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Brian K. Iriye, MD

Dr. Brian Iriye, MD works in Las Vegas, NV as a maternal-fetal medicine specialist. They are board certified in maternal & fetal medicine and graduated from University of California. Dr. Iriye has has worked on more claims relating to pregestational diabetes mellitus and obesity than other providers in the area. At present, Dr. Iriye has received an average rating of 5.0 from patients and has been reviewed 5 times. They are affiliated with MountainView Hospital, Sunrise Hospital And Medical Center and Southern Hills Hospital And Medical Center. Their office accepts new patients and has telehealth appointments. Dr. Iriye practices at High Risk Pregnancy Clinic in Las Vegas, NV.

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Banking Amniotic Fluid

Ask the Expert


During my upcoming amniocentesis I would like to have amniotic fluid collected for banking. What can I expect? Will this affect my procedure or have any bearing on my test results?


Rest assured, collecting amniotic fluid for banking during prenatal tests such as genetic amniocentesis and fetal lung amniocentesis will not change the amniocentesis procedure and will not have any impact on the tests results.

Collecting Your Amniotic Fluid
Genetic amniocentesis is a prenatal test that removes a small amount of amniotic fluid from the sac around your baby to test for birth defects and chromosome problems. To remove the fluid for testing, your health care professional will insert a thin needle through your belly and uterus, using ultrasound imaging as a guide.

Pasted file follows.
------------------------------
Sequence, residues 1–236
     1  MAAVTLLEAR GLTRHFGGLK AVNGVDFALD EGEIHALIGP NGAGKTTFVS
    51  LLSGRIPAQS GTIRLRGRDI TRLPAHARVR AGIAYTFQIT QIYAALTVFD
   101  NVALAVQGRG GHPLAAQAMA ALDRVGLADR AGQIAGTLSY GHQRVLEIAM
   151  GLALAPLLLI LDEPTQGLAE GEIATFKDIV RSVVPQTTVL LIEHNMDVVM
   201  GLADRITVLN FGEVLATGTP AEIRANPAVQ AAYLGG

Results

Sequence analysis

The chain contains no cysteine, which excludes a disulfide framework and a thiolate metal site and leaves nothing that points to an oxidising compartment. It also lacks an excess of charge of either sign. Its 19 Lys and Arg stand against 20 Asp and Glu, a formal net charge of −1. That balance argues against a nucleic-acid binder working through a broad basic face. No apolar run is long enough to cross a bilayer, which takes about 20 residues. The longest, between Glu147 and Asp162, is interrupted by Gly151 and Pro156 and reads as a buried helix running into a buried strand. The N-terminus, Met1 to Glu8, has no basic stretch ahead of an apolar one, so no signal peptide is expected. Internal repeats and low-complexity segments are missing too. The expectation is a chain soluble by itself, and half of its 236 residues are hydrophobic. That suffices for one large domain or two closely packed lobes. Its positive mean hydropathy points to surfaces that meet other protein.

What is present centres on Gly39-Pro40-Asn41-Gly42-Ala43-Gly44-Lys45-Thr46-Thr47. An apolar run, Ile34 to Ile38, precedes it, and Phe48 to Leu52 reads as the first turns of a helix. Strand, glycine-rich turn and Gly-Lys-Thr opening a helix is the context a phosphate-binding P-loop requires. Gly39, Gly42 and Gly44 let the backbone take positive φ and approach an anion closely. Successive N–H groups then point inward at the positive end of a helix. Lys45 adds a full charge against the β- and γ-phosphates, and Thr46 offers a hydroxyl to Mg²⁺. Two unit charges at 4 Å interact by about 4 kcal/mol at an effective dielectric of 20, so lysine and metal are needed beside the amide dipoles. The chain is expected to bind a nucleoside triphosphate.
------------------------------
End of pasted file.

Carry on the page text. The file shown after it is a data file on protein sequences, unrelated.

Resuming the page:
During amniocentesis procedures, more fluid than necessary for testing is typically withdrawn so, if you have decided to bank, the excess fluid would be preserved. In other words, rather than discarding any fluid not used for testing, it will be preserved for possible future use.

Amniocentesis can also be performed during the third trimester of pregnancy, typically, to check whether the baby's lungs are mature enough for birth. Amniotic fluid can be collected for banking during this procedure as well.

Storing Your Amniotic Fluid
Once you have identified and enrolled with a registered tissue bank, you will receive details from them as to how to submit your sample. The process is typically simple.

For example, Biocell Center, the nation's first and leading amniotic fluid bank, provides a sample collection kit that you would bring with you to your amniocentesis. This kit includes detailed instructions for the health care professional performing the procedure on how to package your fluid sample for shipping and when (within 24 hours of collection) and where to send it (a pre-addressed and prepaid FedEx envelope is provided in each kit). In many cases, your doctor's office will have the kits on hand and will be trained to collect the sample. If not, you should contact the tissue bank several days before your procedure so that you receive your kit prior to your appointment.

Upon receipt by the laboratory, your amniotic fluid is processed and placed in its cryobank for freezing. Once that process is complete, you receive a certificate verifying that the sample has been successfully preserved.

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